The Big Squeeze: The housing market is so unaffordable that builders have no choice but to build smaller homes

May 17, 2023, 1:39 PM UTC
Two hands encompass a home model, showing how small it is.
Strained affordability has seen many homebuilders turn to smaller units.
Getty Images

The Pandemic Housing Boom, which pushed national home prices up over 40%, coupled with last year’s mortgage rate shock, has resulted in a deterioration of housing affordability.

“Fundamentally, every major housing market in the country is overpriced right now,” Matt Saunders, senior vice president of building products research at John Burns Research and Consulting, told Fortune, adding that this is generally true if you’re looking at it from a housing-cost-to-income ratio.  

In order to address the affordability crunch, many builders are reducing home size.

“There’s really this active response by the builders to address these affordability concerns head-on, and one of the main kind of levers that they’re pulling is reducing home square footage,” Saunders said. 

In several markets across the nation, housing just doesn’t feel attainable. Look no further than a couple earning around $225,000 annually but feel as though owning a home in Los Angeles is “hilarious,” and a business owner renting in New York City despite earning over $200,000 annually. According to Bank of America’s annual millennial housing survey, the lack of affordability is why “attaining the American dream is becoming more challenging than ever.” And not only are builders addressing affordability for buyers, but they’re also doing so for themselves. Relative to 2019 levels, costs for builders are still up around 35%, Saunders said. By reducing the size of the homes they build, they’re also reducing their material costs.

Interestingly enough, it’s not a “uniform reduction in square footage,” Saunders said. Instead, it’s sort of a tradeoff within the home, and that can be seen in John Burns Research and Consulting’s annual survey of architects for homes built last year, shared with Fortune. Kitchens and ground-floor outdoor space, for instance, were considered a top priority leveling up in allocated share within homes. Meanwhile, upper-level outdoor space, secondary bedrooms, and shared family areas were considered low priorities, declining in physical home share. That all means that buyers would rather have a larger kitchen space and larger backyards or front yards, than extra bedrooms and additional living spaces. In order to do that, builders and architects are choosing to reduce the size of the latter options to give way to the former.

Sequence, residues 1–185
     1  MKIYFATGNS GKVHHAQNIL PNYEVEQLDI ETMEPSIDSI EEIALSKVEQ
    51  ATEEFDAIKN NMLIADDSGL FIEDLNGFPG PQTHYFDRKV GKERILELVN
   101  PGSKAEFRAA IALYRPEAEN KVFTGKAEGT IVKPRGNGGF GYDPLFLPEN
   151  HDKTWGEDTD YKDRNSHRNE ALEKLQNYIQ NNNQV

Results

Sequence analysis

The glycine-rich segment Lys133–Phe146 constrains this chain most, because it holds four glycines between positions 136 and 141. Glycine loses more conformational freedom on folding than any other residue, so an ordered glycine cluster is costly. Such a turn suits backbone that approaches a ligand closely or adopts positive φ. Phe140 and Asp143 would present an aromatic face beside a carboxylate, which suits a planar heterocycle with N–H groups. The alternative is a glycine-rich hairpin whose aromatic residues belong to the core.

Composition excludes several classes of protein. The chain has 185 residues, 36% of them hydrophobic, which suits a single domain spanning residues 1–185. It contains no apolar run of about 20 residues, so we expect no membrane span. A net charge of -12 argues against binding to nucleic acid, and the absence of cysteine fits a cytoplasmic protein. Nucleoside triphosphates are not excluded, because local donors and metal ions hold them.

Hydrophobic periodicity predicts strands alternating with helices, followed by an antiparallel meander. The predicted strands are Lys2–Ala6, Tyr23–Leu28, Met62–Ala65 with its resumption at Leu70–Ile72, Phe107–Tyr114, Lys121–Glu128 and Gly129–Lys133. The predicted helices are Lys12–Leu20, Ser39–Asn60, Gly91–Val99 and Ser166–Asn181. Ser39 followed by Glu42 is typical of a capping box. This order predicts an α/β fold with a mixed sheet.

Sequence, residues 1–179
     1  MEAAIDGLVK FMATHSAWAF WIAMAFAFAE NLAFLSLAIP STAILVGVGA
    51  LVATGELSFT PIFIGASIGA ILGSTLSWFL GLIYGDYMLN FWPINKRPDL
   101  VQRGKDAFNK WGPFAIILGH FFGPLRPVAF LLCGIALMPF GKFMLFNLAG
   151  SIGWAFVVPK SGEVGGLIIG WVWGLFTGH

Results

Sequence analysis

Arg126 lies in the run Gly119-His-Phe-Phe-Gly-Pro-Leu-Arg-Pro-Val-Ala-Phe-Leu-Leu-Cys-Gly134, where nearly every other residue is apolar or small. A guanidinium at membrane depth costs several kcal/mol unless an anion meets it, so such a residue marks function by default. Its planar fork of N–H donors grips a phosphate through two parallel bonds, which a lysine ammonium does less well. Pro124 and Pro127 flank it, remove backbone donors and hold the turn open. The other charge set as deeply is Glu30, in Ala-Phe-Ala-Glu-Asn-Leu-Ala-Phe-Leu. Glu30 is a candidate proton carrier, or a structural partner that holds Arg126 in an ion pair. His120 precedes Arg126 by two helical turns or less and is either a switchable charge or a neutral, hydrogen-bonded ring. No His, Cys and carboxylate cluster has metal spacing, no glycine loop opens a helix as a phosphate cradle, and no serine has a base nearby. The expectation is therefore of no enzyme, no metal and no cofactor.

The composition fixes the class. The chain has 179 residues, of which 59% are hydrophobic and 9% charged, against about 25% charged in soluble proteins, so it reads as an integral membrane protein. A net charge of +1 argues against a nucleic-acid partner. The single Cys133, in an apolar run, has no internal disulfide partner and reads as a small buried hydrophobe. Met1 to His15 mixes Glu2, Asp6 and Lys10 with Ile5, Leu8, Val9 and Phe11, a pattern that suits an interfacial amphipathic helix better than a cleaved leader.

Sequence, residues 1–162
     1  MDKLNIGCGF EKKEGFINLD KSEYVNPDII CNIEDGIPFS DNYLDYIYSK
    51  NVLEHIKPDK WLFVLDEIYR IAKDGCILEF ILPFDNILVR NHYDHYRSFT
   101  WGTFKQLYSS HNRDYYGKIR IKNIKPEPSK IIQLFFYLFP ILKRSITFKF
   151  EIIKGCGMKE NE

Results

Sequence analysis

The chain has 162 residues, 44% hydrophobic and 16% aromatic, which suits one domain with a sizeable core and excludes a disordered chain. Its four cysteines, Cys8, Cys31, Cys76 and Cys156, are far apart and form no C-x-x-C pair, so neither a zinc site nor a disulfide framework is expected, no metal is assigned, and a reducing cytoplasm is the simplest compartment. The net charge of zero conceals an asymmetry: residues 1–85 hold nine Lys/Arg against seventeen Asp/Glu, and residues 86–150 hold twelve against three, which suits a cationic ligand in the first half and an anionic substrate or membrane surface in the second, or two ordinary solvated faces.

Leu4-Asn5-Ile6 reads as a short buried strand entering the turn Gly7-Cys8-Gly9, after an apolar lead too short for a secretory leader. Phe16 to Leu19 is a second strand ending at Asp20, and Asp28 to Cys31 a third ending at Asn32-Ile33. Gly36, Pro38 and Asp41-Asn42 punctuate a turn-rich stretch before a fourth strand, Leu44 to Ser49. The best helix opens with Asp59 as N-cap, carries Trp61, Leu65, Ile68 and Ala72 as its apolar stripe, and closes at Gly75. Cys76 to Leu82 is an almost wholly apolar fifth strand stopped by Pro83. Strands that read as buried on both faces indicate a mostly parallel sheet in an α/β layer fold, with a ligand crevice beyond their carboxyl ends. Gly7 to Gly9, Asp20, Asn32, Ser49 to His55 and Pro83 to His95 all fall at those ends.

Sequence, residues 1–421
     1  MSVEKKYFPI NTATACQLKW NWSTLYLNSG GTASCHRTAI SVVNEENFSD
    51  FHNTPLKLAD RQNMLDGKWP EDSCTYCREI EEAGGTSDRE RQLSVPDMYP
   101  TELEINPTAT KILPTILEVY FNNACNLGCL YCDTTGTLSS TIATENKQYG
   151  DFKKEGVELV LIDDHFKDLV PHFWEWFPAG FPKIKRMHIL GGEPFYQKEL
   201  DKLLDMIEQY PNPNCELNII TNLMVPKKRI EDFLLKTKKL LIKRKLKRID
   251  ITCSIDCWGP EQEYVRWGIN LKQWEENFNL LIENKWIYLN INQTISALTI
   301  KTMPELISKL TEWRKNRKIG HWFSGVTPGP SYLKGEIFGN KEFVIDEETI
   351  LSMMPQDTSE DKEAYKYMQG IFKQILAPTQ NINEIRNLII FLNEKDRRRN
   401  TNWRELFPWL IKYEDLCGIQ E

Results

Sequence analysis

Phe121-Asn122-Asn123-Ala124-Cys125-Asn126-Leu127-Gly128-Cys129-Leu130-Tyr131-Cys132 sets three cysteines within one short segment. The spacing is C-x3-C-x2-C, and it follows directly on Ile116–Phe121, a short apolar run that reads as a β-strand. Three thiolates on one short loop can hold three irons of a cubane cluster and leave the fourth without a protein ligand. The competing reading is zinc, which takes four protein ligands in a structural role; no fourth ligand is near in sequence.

“What we’re seeing in the data is that, for example, kitchens are growing by cannibalizing formal dining spaces,” Saunders said. “And so there’s this trade between larger kitchen sizes, cannibalizing the formal dining spaces of the home.” 

The same can be said for ground-floor outdoor living spaces, amid a growing appetite for outdoor living, as Saunders put it—a trend that predated the pandemic but accelerated with the pandemic. This survey, he said, is a leading indicator of what we can expect this year and over the next few years.

“It’s all to address these affordability constraints,” Saunders told Fortune. 

In particular, builders are shrinking secondary bedrooms and shared family areas. The pandemic changed a lot of things, but mostly how people work and live at home—and that’s reflected in what buyers are prioritizing in their homes. 

Close to half of the survey’s respondents anticipate that projects will be even smaller in square footage this year compared to last year. With that, Saunders said, there’s an increase in production of entry-level homes. As Fortune previously reported, the share of projects under $300,000 is declining all across the country, according to Zonda, a housing data and consulting firm. Zonda’s chief economist, Ali Wolf, explained that the decline of the $300,000 starter home has a lot to do with the Pandemic Housing Boom, which sent home prices up 41% on a national level. Therefore it’s possible that builders reducing home sizes to increase affordability could essentially bring back starter homes, or homes under $300,000 that should be considered “attainable housing,” according to Wolf.  

“Affordability is a broader issue that needs to be reset, and the builders are right now solving for affordability,” Saunders said.

Reducing home size is a way for builders to make housing more affordable. Builders want to address affordability constraints so they can sell homes, it’s as simple as that. And it’s the same reason builders are offering rate buydowns, temporarily bringing a buyer’s rate from, say, 6.5% to 4.5%.

As of right now, incentives like rate buydowns are making the difference. However, Saunders said, there are early signs that builders reducing home sizes is working too.

“Our forecast right now, in terms of average square footage, is for single-family starts to decline by around negative 3% this year, and then around negative 2% next year,” Saunders said. “So I think this is a multiyear trend we’re seeing right now and confirmed by this architectural survey…a crystal ball of what’s coming in the pipeline.”

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